Food

Of rice and men

Perennial rice on the rise?

It was good to read this weekend in the Land Institute’s The Land Report that they’re now working hard to develop perennial rice varieties (in addition to their well-known perennial prairie polyculture experiment, which could transform large parts of the American plains back into a wildscape that produces lots of food). Because agriculture is technically the world’s largest ecosystem, moving it toward a perennially-cropped system will have major impacts on soil health/soil building, biodiversity, energy use, and possibly carbon sequestration. Rice is the second most important cereal crop in the world; developing a variety that does not require annual plowing, …

More thoughts on USDA and Obama

With the food world’s eyes on farm policy, is the real action at Treasury?

Food-politics blogs and listservs are blowing up with speculation about whom Obama will tap as USDA chief. I’ve weighed in myself here and here. (Update: House Ag Committee chair Colin Peterson, tipped as a top contender for the USDA spot, says he’s not interested. Evidently, he calculates that his current post is the more powerful one). But I’m starting to think the real action has already happened — with Obama’s recently announced economics team. Our food system is intimately intertwined with the broader economy; reforming it will require new ways of thinking about economics. And Obama has delivered a team …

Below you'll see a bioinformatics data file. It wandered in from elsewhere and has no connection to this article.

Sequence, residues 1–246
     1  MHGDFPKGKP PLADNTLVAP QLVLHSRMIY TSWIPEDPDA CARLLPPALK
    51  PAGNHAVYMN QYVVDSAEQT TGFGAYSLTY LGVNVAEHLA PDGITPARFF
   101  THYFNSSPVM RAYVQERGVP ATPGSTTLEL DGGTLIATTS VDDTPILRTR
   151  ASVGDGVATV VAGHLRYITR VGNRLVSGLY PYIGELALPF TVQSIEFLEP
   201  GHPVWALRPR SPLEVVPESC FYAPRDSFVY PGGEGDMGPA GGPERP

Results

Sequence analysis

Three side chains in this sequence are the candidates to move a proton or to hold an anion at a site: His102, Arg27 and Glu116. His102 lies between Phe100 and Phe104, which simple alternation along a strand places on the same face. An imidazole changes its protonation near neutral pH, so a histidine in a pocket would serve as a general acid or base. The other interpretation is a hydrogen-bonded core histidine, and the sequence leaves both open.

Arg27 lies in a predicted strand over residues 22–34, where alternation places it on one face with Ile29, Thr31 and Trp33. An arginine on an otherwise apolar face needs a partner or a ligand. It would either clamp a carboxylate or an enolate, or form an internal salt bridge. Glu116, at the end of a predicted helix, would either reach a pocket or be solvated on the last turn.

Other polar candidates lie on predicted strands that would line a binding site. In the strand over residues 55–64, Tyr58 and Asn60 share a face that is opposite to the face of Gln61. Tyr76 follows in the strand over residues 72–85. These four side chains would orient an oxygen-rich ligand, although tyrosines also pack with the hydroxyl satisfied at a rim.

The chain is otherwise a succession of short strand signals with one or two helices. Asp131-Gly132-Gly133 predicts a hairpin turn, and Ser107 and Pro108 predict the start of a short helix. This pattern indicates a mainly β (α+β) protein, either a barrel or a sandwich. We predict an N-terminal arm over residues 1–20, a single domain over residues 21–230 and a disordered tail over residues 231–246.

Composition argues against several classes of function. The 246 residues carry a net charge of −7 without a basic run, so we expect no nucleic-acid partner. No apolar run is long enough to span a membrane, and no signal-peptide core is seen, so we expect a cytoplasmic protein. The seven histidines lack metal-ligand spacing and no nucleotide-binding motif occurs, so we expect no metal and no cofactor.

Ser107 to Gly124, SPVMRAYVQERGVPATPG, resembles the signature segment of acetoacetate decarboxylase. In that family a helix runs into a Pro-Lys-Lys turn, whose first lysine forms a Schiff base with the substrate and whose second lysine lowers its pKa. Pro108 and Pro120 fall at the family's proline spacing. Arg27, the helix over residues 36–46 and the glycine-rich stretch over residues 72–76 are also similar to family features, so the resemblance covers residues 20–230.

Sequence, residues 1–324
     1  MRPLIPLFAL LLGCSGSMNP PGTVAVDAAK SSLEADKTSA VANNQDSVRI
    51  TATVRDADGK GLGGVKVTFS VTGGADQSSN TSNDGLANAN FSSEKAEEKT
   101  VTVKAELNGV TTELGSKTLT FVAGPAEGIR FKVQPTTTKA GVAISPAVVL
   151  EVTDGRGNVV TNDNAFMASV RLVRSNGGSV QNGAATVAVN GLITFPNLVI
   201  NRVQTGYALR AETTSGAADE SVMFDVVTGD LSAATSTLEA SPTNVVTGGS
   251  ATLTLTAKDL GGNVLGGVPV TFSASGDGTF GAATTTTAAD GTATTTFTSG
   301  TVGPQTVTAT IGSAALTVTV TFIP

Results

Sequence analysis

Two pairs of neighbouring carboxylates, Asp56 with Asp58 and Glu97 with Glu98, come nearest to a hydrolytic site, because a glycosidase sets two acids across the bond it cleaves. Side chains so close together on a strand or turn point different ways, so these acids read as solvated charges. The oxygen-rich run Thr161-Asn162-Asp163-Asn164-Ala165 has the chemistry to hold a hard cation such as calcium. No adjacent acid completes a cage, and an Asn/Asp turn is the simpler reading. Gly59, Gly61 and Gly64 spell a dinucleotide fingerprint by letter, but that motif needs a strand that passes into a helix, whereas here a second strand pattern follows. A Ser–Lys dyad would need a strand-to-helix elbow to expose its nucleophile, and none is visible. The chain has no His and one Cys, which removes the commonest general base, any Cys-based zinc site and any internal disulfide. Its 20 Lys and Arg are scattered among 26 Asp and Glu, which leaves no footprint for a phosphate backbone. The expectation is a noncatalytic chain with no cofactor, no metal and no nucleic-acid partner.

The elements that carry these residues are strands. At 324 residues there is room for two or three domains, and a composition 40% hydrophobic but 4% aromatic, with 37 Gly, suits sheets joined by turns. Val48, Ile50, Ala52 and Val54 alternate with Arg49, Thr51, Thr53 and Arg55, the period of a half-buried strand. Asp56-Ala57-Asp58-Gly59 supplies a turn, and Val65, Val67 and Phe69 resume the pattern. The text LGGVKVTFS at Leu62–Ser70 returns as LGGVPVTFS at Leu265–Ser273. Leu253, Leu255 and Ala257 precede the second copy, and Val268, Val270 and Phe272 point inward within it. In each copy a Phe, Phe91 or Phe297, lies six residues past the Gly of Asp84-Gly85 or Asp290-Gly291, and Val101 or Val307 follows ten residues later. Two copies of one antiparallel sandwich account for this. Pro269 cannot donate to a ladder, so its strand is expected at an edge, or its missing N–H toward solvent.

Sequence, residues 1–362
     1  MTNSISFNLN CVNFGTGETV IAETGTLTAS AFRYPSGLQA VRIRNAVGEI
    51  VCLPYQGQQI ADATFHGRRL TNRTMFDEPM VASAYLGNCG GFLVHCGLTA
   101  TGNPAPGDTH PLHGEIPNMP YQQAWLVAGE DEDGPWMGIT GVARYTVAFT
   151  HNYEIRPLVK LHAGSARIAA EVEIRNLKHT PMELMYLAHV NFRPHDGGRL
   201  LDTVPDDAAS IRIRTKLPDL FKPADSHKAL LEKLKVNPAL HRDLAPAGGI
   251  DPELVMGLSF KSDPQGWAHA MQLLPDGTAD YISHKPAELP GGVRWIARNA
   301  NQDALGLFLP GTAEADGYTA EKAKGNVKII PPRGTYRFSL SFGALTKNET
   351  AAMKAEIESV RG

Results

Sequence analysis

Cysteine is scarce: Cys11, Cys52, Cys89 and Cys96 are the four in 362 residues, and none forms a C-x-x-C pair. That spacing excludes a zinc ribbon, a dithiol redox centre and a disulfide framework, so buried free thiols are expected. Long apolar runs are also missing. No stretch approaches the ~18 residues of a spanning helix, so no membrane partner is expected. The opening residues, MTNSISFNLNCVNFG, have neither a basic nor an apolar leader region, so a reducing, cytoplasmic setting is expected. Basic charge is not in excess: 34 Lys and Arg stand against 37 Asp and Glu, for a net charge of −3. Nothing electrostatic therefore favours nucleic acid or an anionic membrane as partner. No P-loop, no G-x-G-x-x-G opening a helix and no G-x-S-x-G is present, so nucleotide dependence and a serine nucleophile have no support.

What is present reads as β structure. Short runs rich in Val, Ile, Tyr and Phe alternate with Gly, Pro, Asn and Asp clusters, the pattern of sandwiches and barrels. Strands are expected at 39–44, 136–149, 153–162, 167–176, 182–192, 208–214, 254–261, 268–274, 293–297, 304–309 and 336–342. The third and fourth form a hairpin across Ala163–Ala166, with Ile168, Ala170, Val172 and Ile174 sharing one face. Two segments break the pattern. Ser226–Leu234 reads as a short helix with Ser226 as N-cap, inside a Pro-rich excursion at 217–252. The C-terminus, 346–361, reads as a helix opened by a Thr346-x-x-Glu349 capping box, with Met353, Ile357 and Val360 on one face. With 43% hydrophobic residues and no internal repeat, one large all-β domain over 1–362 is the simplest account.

Making biofuel out of small farmers

Impoverished Africans can’t eat their own crops

From an interesting article by Dave Harcourt in Ecoworldly: The castor [oil], equivalent to 12,000 tons of oil, would actually be grown by 25,000 families [small African farmers] contracted by GEE and would have a value of around US$ 10 million [$400 per year or $1.10 per day per family]. … Ashenafi Chote was one of the farmers contracted by GEE. He as well as the other farmers have not been paid for their production because … GEE has been unable to raise the loan it was expecting to use to buy the castor. Ashenafi Chote is now in a …

Reclaiming the beauty of Thanksgiving

Gratitude is not only the greatest of virtues, but the parent of all the others. – Cicero   In a couple of days, we’ll celebrate our best, most important holiday. While celebrations of the harvest have existed for as long as civilization (for indeed it was agriculture that necessitated both), this particular holiday is uniquely American. Or at least it was until other former British colonies started having a festival called Thanksgiving too. There are those who enjoy pointing out the tragic irony of the American Thanksgiving: that it was originally a celebration of the bountiful harvest provided by the …

Beyond secretary of agriculture

How to change USDA with sustainable agriculture allies